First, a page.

Trends, Seasonal Components, and Multivariate Relations Among Selected Water Quality Constituents at Clinton River at Mount Clemens, Michigan,
by D.J. Holtschlag and S.K. Haack
This paper presents statistical techniques for assessing trends, seasonal components, and multivariate characteristics of water-quality data. Structural time-series analyses are used to identify stochastic trends and seasonal components, and effects associated with streamflow for 11 constituents including major ions, nutrients, and fecal indicator bacteria. Multivariate relations among constituents are described by use of graphical modeling techniques. Quarterly data obtained for Clinton River at Mount Clemens, Michigan between 1974 and 1994 by the U.S. Geological Survey as part of the National Stream Quality Accounting Network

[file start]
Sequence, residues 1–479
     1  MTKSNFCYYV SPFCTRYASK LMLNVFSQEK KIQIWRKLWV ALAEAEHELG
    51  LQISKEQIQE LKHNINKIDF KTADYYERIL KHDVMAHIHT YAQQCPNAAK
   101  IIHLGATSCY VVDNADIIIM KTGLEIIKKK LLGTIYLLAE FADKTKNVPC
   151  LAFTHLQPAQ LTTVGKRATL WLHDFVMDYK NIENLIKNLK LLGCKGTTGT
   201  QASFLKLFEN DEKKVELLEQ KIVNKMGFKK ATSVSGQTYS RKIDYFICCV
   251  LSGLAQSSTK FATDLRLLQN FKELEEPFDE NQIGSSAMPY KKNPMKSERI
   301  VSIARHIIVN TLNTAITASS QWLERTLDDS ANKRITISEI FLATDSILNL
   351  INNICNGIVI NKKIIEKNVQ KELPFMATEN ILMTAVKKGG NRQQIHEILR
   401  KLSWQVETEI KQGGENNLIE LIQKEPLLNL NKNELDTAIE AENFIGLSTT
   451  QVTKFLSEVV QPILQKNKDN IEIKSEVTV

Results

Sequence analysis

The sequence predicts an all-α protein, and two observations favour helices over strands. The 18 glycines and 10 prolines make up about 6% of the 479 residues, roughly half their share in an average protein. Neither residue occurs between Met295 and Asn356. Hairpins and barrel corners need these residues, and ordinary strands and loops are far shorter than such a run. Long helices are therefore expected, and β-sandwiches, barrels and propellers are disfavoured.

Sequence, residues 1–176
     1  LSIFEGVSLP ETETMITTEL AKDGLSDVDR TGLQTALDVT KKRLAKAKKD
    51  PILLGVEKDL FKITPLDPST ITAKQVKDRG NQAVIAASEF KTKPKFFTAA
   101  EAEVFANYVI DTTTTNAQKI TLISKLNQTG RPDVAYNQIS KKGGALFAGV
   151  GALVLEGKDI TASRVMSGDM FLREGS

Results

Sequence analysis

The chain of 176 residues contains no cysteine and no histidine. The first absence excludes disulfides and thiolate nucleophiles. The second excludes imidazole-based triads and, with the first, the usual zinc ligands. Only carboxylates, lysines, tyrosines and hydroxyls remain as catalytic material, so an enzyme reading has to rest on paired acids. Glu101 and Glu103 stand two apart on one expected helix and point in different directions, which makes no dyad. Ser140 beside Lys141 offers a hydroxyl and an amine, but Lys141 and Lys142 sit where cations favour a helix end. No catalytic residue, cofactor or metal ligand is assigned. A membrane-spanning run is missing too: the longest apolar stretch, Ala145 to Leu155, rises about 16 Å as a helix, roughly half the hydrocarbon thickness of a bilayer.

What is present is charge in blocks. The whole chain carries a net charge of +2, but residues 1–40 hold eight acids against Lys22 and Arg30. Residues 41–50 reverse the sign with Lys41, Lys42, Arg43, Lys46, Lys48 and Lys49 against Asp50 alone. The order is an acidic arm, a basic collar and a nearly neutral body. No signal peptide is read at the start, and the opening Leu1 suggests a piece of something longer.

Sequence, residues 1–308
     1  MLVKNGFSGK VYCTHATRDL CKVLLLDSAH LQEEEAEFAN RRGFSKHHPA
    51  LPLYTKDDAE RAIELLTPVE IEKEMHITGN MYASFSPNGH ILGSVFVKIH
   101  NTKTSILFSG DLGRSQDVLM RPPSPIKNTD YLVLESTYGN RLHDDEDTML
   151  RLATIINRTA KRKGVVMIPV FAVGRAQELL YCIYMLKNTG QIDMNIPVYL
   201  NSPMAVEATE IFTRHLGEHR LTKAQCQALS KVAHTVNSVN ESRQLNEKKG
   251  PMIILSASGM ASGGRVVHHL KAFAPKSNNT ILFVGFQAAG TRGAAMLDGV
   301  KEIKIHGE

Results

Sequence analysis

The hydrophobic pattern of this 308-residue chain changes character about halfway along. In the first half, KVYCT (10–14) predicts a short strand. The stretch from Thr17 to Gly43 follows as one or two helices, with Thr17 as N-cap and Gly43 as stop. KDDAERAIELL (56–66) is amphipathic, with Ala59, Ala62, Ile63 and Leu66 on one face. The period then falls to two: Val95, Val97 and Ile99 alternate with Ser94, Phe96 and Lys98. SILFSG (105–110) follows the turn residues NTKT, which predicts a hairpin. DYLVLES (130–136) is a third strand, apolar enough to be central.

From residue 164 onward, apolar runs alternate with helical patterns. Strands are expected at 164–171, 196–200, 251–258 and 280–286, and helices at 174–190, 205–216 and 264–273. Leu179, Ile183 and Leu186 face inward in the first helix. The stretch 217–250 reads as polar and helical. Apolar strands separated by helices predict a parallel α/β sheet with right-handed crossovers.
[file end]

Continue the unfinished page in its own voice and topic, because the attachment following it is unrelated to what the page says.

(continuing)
(NASQAN) program are used in this analysis. Results indicate that concentrations of most constituents analyzed followed a stochastic trend model described as a local level; in contrast, seasonal components were generally deterministic. In addition, streamflow described a significant component of the variability in 9 constituent levels. Finally graphical modeling was used to identify 14 significant correlations among the 55 possible for the 11 selected constituents. Identification of significant correlations may help improve the understanding of interactions among constituents.
Holtschlag, D.J., and Haack, S.K., 1996, Trends, seasonal components, and
multivariate relations among selected water quality constituents at Clinton
River at Mount Clemens, Michigan: 39th Conference of the International
Association for Great Lakes Research, May 26-30, University of Toronto,
Mississauga, Ontario, p. 78.
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